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Copyright Tips for Faculty and Students

This page is no longer being updated. Please see the current CSM Library Copyright Guide for the most up-to-date district information regarding copyright.

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Faculty and students frequently have questions about copyright and how it affects teaching and learning. There are many resources available to help faculty and students remain compliant with copyright laws. Copyright law provides certain rights to the copyright holder and it is illegal to infringe upon these rights. These rights are not unlimited; there are some exemptions including the best known exemption 'fair use.' All uses of copyrighted materials in an educational setting do not automatically qualify under the 'fair use' exemption.



Copyright is a form of protection provided by the laws of the United States (title 17, U. S. Code) to the authors of "original works of authorship," including literary, dramatic, musical, artistic, and certain other intellectual works. This protection is available to both published and unpublished works. In other words, if you create an original work of literature, music or art, that work is protected by current copyright laws.

Section 106 of the 1976 Copyright Act generally gives the owner of copyright the exclusive right to do and to authorize others to do the following:

  • Reproduce the work in copies or phonorecords;
  • Prepare derivative works based upon the work;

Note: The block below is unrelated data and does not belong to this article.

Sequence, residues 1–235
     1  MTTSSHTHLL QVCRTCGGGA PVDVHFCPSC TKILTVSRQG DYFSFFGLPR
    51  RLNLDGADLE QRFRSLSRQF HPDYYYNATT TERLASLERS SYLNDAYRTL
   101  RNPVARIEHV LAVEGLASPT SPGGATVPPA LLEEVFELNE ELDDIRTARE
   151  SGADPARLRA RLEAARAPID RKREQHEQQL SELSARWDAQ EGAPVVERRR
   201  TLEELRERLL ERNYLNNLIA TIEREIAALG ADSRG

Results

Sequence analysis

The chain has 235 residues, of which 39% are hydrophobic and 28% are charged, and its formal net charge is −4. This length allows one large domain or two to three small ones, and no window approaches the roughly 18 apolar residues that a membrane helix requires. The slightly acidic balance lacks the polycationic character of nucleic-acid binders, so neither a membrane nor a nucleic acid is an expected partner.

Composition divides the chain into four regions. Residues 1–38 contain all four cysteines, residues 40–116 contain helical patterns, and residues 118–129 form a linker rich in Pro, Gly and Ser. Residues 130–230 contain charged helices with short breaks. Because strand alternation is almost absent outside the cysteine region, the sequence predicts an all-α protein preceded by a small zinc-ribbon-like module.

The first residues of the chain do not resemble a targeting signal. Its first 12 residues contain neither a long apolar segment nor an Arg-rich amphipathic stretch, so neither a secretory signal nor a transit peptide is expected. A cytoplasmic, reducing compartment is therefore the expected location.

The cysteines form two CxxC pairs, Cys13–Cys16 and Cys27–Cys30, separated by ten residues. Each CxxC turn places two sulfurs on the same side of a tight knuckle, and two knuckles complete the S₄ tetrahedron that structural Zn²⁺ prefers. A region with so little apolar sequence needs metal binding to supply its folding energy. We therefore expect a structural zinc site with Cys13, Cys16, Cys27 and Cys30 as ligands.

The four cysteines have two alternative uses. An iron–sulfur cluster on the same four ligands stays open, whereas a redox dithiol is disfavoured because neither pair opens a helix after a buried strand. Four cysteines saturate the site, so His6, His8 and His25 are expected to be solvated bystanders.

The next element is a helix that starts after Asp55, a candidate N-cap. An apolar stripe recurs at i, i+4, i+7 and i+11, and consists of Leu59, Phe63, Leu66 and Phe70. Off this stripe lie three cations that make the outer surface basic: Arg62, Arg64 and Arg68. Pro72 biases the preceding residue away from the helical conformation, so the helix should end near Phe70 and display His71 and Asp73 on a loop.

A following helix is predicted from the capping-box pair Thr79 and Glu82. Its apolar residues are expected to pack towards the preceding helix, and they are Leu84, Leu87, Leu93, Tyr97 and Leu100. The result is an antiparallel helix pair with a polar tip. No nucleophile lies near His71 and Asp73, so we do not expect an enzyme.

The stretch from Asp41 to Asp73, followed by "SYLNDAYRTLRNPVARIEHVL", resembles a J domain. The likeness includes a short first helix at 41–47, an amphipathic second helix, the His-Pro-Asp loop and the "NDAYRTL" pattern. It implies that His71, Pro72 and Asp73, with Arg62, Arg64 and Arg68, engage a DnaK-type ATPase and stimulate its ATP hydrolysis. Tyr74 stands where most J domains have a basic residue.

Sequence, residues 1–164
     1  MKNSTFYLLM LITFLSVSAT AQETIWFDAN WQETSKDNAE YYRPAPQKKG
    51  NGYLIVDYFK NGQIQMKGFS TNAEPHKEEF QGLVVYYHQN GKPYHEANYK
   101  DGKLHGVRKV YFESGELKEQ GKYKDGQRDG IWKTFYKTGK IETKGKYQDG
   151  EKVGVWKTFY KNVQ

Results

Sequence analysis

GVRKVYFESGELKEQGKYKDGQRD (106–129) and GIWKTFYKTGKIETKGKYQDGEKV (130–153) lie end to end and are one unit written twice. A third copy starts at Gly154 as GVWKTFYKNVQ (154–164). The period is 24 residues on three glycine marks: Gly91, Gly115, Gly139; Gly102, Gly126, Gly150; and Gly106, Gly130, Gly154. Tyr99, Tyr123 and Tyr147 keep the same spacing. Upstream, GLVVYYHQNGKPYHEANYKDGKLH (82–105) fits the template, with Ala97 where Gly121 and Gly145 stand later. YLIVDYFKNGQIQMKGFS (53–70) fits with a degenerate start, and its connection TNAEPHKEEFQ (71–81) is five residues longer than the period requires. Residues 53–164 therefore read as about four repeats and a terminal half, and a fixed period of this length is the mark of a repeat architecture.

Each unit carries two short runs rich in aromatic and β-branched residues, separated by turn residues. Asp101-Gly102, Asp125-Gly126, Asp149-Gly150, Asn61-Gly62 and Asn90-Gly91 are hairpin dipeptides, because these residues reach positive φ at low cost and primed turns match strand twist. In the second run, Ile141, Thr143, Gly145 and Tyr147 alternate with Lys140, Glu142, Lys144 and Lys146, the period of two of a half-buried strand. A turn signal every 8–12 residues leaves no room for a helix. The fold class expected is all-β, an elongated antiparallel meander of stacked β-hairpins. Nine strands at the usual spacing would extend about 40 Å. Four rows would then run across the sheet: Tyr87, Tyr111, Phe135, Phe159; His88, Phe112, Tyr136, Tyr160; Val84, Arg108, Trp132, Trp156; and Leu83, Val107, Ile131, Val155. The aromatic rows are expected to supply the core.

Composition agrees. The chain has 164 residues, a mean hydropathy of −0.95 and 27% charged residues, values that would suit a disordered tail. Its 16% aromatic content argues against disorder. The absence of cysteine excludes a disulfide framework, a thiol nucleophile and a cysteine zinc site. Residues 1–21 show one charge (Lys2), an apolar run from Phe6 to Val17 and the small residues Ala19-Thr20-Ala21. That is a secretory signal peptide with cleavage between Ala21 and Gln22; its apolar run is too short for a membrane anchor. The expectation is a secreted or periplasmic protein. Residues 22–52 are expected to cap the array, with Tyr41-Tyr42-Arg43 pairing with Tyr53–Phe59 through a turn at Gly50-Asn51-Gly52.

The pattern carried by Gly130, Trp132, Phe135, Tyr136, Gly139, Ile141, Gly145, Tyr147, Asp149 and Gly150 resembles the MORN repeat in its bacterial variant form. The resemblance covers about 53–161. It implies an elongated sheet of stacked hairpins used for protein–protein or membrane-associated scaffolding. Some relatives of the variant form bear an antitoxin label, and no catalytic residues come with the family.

• Distribute copies or phonorecords of the work to the public by sale or other transfer of ownership, or by rental, lease, or lending;
  • Perform the work publicly, in the case of literary, musical, dramatic, and choreographic works, pantomimes, and motion pictures and other audiovisual works;
  • Display the work publicly, in the case of literary, musical, dramatic, and choreographic works, pantomimes, and pictorial, graphic, or sculptural works, including the individual images of a motion picture or other audiovisual work; and
  • in the case of sound recordings, to perform the copyrighted work publicly by means of a digital audio transmission.

Sections of the 1976 Copyright Act state the exemptions to these rights. The major exemption of interest to faculty and students is the doctrine of "fair use."


Defined in section 107 of the 1976 Copyright Act, "fair use" is a limitation on standard copyright law. Fair use is described by the U.S. Copyright Office as use of copyrighted work for purposes such as criticism, comment, news reporting, teaching (including multiple copies for classroom use), scholarship, or research.

Four factors should be considered carefully when trying to determine whether use of a copyrighted item is a "fair use."

  • Factor 1: the purpose and character of the use, including whether such use is of commercial nature or is for nonprofit educational purposes;
  • Factor 2: the nature of the copyrighted work;
  • Factor 3: amount and substantiality of the portion used in relation to the copyrighted work as a whole; and
  • Factor 4: the effect of the use upon the potential market for or value of the copyrighted work.

There are several websites available that more clearly explain the process whether use of an item might qualify under the fair use exemption. One of the best tools to help with this process is the CHECKLIST available from Columbia University.


Visit our CSM Library FAQs: Copyright for answers to common questions from faculty.


The following resource guides are useful for the academic community.